Radial scar, or complex sclerosing lesion, is a rosette-like proliferative breast lesion. It is not related to surgical scarring. Some authors however reserve the latter term to lesions over 1 cm 5.
It is an idiopathic process with sclerosing ductal hyperplasia.
Its significance is that it is a mimicker of scirrhous breast carcinoma. Although some classical differential descriptions exist (see below), these cannot be relied on, and the diagnosis must not be made on radiological features alone. Furthermore, there is an association with atypical ductal hyperplasia and carcinoma.
The reported prevalence of radial scars is 0.1-2.0 per 1,000 screening mammograms. Radial scar is very rare in women younger than 40 years and older than 60. Most often in women between 41-60 12-13 .
They are usually not palpable. Clinical examination of the breast containing regions of radial scar is often normal, although in about 25% of cases radial scars can be palpable. They do not cause skin thickening or retraction. Lesions are usually small and detected by mammography when they are at least 5 mm in size. Lesions <1 cm are called radial scars, while larger ones are often referred to as complex or radial sclerosing lesions.
A radial scar is a benign hyperplastic proliferative disease of the breast. Proposed possible causes include localized inflammatory reaction and chronic ischemia with subsequent slow infarction.
Histopathologically radial scars contain hyperplastic tissue cells and a central fibrous core, with radial extension of tubular structures (the spiculated peripheral borders), mimicking infiltrating carcinoma. These tubular formation has two rows of cells, epithelial and myoepithelial 9-10. The malignant potential is two times greater than in the normal population without radial scar 11-12.
In approximately 30% of cases, a radial scar is associated with ductal carcinoma in situ and tubular carcinoma of the breast. The occurrence of these are higher when there is associated atypia on histology.
Other associations include 4:
A radial scar has a spiculated appearance similar to carcinoma, but the centre tends be a translucent, low density area rather than a mass. The breast tissue behind the lesion is almost visible through the lesion. The relative low density of the centre is an important and visible difference between carcinoma and a radial scar.
A carcinoma tends to have a dense centre. With the radial scar there is no dense centre; in fact, the lesion is usually as dense centrally as peripherally. There is no "attempt" at forming a mass in a radial scar.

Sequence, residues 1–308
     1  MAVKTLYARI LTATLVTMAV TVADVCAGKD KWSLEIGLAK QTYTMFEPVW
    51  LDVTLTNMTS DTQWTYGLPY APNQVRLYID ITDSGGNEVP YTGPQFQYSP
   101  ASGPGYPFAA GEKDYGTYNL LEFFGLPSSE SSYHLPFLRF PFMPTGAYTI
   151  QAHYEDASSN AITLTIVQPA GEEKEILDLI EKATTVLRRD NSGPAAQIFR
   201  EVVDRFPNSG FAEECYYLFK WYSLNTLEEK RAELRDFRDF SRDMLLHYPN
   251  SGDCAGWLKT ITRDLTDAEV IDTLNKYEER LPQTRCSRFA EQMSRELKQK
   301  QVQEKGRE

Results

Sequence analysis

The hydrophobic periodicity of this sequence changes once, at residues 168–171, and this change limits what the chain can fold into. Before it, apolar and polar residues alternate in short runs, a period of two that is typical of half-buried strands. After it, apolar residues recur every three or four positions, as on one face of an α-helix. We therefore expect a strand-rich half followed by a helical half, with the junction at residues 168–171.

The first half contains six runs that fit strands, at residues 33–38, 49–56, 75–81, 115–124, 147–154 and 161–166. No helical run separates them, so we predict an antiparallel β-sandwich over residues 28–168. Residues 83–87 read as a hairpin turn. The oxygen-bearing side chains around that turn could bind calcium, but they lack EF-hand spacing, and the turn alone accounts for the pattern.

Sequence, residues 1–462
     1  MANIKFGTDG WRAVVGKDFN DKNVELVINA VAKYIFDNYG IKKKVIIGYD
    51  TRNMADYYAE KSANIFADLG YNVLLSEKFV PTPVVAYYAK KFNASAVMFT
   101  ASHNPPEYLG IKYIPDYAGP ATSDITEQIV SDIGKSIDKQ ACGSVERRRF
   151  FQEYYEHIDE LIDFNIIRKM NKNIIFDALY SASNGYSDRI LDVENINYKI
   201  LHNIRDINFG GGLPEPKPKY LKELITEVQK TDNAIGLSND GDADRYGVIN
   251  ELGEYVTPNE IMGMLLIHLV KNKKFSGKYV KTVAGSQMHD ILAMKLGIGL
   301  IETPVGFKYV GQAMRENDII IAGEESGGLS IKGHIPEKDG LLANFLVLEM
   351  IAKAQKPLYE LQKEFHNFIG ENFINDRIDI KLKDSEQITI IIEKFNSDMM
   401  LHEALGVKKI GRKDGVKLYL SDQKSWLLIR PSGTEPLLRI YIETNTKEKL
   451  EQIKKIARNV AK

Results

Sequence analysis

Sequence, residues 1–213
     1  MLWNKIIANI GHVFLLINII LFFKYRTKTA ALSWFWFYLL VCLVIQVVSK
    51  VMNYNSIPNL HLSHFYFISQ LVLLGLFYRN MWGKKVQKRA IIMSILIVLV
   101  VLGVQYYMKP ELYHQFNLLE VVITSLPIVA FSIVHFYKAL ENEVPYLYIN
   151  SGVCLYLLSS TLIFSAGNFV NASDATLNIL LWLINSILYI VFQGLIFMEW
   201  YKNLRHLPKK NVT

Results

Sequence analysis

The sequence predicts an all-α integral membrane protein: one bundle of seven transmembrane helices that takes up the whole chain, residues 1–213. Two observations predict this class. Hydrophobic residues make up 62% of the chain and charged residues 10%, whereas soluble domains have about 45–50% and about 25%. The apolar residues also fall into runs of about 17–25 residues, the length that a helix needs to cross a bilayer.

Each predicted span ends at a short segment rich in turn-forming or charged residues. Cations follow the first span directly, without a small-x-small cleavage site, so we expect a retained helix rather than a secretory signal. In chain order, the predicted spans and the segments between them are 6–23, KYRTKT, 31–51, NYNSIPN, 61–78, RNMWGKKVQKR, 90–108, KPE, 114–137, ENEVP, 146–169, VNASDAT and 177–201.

The spicules running from the centre are in general longer and gracile than those of a carcinoma (look at the image in Case 1 and 2 thoughtfully. These are representative images).
The spicules are described as long and thin with radiating radiolucent linear structures, which against a radiolucent fat background gives a black star or dark star appearance 6. Microcalcifications are possible but rare in a radial scar. However, unlike a carcinoma, features such as skin thickening and retraction are characteristically absent 2. There is no visible scirrhous reaction in the radial scar.
Its mammographic appearance is also similar to a post-surgical breast scar, and can vary markedly with differing projections (i.e. CC versus MLO).
On ultrasound, a radial scar is often ill-defined and disturbs the architecture of surrounding breast parenchyma. The lesion is usually round, oval or lobulated. Variable internal echoes can be found. Some radial scars show retro-acoustic attenuation.
Treatment and prognosis
A radial scar is considered a high risk breast lesion and histological differentiation from associatied carcinoma is required. FNA and core biopsies can underestimate the underlying associated malignancy and are controversial. The lesions are biopsied and removed.
Differential considerations for mammographic appearances include:
- breast cancer: a central mass tends to form. The spicules are shorter and thicker and there is retraction of the parenchyma; however sometimes the invasive lobular carcinoma, due to lack of the E-cadherin and diffuse infiltration of the tumours cells, it can be impossible to distinguish it from radial scar
- post-surgical breast scar: in practice this is rarely if ever a source of confusion. Its really rare to find post-surgical scarring with such long spicules as a radial scar and you also have the history on the technologist notes and if all else fails, the scar on the patient's skin
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